Place-making is viewed here as an empowering process in which people represent, improve and maintain their spatial (natural or built) environment. With the above-mentioned in mind, place-making is multi-dimensional and include a spatial dimension (including visual properties or the end product/plan), a procedural dimension during which (negotiation/discussion of ideas with all relevant stakeholders in terms of end product/plan) and a psychological dimension (inclusion of intrinsic values and meanings related to a place in the end product/plan). These three represent dimensions of place-making. The purpose of this paper is to explore these dimensions of place-making in a case study of a local community in Ikageng, Potchefstroom, North-West Province, South Africa. This case study represents an inclusive process that strives to empower a local community (forcefully relocated due to Apartheid legislation in South Africa). This case study focussed on the inclusion of participants in the decision-making process regarding their daily environment. By means of focus group discussions and a collaborative design workshop, data is generated and ultimately creates a linkage with the theoretical dimensions of place-making. This paper contributes to the field of spatial planning due to the exploration of the dimensions of place-making and the relevancy of this process on spatial planning (especially in a South African setting).

Keywords: Spatial planning, Community Engagement, place-making, planning theory

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2 Re-Envisioning Modernity: Transformations of Postwar Suburban Landscapes

Authors: Shannon Clayton

Abstract:

In an effort to explore the potential transformation of North American postwar suburbs, this M.Arch thesis actively engages in the ongoing critique of modernism from the mid 20th century to the present. Contemporary urban design practice has emerged out of the reaction to orthodox modernism. Typically, new suburban development falls into one of two strategies; an attempt to replicate pre-war fabric that never existed, or a reliance on high-density to create instant urbanism. In both cases, the critical role of architecture has been grossly undervalued. Ironically, it is the denial of suburbia’s inherent modernity that has served to prevent genuine place-making. As history demonstrates, modernism is not antithetical to architecture and place. In the postwar years, a critical discussion emerged amongst architects, which sought to evolve modernism beyond functionalism. This was demonstrated through critical discussions on image, experience, and monumentality. As well as increased interest in civic space, and investigations into mat urbanism and the megastructure. The undercurrent within these explorations was a belief that the scale and complexity of modern development could become an opportunity to create urbanism, rather than squander it. This critical discourse has continued through architectural work in the Netherlands and Denmark since the early 1990s, where an emphasis on visual variety, human scale, and public interaction has been given high priority. This thesis applies principles from this ongoing dialogue, and identifies hidden potential within existing North American suburban networks. As a result, the project re-evaluates the legacy of the master plan from a contemporary perspective.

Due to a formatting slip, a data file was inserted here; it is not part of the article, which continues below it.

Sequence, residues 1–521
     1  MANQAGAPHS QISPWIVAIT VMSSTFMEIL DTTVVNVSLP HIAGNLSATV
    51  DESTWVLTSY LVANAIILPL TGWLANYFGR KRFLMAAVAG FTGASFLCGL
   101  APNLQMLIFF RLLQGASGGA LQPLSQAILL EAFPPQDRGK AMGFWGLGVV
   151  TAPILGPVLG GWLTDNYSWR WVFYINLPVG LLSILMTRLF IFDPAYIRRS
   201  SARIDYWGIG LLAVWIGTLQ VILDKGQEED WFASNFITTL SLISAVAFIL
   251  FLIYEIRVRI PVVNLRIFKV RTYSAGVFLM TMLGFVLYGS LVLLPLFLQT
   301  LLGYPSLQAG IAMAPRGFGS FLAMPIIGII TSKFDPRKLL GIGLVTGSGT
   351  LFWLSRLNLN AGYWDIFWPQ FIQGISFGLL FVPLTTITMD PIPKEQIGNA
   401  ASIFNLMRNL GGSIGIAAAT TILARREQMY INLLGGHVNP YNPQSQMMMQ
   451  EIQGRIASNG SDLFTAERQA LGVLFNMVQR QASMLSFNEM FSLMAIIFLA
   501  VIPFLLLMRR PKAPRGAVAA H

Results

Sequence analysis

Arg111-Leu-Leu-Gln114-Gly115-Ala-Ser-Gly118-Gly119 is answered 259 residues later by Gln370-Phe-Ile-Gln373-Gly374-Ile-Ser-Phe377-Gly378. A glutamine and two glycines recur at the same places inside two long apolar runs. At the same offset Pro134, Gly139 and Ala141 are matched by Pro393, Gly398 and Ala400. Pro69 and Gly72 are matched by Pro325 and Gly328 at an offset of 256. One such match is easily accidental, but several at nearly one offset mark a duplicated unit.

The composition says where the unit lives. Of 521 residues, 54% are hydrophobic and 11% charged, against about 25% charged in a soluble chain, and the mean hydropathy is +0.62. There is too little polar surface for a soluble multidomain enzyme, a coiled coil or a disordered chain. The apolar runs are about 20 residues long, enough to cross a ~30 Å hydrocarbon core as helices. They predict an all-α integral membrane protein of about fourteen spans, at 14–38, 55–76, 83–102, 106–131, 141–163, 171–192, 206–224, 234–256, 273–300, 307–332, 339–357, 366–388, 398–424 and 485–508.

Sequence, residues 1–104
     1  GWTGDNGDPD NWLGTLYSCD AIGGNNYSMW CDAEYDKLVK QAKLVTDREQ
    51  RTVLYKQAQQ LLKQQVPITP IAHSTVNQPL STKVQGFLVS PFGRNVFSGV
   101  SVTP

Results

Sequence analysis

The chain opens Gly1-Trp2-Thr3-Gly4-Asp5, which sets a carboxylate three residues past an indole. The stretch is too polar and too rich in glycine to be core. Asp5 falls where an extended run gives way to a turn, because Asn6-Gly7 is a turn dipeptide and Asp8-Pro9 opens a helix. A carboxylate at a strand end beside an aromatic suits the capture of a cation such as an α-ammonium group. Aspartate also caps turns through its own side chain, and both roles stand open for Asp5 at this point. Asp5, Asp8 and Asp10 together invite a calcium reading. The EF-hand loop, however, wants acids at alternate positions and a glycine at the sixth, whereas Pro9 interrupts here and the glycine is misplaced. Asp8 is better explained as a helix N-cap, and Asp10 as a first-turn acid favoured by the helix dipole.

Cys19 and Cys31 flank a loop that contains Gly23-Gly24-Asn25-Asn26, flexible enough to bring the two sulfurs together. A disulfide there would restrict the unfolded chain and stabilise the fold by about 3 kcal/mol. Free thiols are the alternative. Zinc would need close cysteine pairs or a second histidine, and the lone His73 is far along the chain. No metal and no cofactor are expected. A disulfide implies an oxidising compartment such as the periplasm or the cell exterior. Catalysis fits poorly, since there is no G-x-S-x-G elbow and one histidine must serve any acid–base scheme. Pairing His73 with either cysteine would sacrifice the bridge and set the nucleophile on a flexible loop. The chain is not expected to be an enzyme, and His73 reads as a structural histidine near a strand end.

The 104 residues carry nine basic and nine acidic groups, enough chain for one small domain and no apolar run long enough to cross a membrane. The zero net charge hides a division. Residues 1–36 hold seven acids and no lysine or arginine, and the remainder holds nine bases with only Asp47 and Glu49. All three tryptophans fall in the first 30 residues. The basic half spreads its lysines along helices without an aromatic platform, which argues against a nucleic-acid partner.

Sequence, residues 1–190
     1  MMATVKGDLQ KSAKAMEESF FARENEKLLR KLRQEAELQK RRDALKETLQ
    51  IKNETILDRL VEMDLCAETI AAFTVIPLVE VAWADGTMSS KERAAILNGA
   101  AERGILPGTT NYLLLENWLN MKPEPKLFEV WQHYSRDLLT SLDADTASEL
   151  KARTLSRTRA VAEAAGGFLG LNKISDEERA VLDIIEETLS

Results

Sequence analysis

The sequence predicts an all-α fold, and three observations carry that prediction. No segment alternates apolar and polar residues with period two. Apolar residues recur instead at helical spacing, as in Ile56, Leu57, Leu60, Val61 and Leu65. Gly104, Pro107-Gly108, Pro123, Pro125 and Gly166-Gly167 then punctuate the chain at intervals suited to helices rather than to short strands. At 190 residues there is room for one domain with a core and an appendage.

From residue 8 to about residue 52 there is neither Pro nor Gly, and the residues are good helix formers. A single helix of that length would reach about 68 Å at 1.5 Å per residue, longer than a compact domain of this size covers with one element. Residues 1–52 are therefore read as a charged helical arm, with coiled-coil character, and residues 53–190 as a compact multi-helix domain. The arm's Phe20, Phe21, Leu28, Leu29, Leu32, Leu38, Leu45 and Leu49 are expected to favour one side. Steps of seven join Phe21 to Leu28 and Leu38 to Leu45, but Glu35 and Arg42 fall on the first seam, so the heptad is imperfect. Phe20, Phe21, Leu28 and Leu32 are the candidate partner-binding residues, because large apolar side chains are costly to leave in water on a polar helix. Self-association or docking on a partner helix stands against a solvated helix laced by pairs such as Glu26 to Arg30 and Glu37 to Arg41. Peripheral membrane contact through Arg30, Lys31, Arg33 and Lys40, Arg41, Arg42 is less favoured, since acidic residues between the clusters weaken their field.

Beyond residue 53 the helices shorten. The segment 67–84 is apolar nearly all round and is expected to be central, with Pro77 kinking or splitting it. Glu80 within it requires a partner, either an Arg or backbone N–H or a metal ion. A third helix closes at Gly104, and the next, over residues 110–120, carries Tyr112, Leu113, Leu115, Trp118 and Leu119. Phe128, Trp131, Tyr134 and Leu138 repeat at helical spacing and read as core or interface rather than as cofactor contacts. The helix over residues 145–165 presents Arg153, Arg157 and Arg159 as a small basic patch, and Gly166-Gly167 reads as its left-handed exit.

Keywords: Urbanism, Modernism, place-making, Suburbia

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1 Scattered Places in Stories Singularity and Pattern in Geographic Information

Authors: I. Pina, M. Painho

Abstract:

Increased knowledge about the nature of place and the conditions under which space becomes place is a key factor for better urban planning and place-making. Although there is a broad consensus on the relevance of this knowledge, difficulties remain in relating the theoretical framework about place and urban management. Issues related to representation of places are among the greatest obstacles to overcome this gap. With this critical discussion, based on literature review, we intended to explore, in a common framework for geographical analysis, the potential of stories to spell out place meanings, bringing together qualitative text analysis and text mining in order to capture and represent the singularity contained in each person's life history, and the patterns of social processes that shape places. The development of this reasoning is based on the extensive geographical thought about place, and in the theoretical advances in the field of Geographic Information Science (GISc).

Keywords: Discourse Analysis, place-making, geographic information science place, stories

Procedia PDF Downloads 87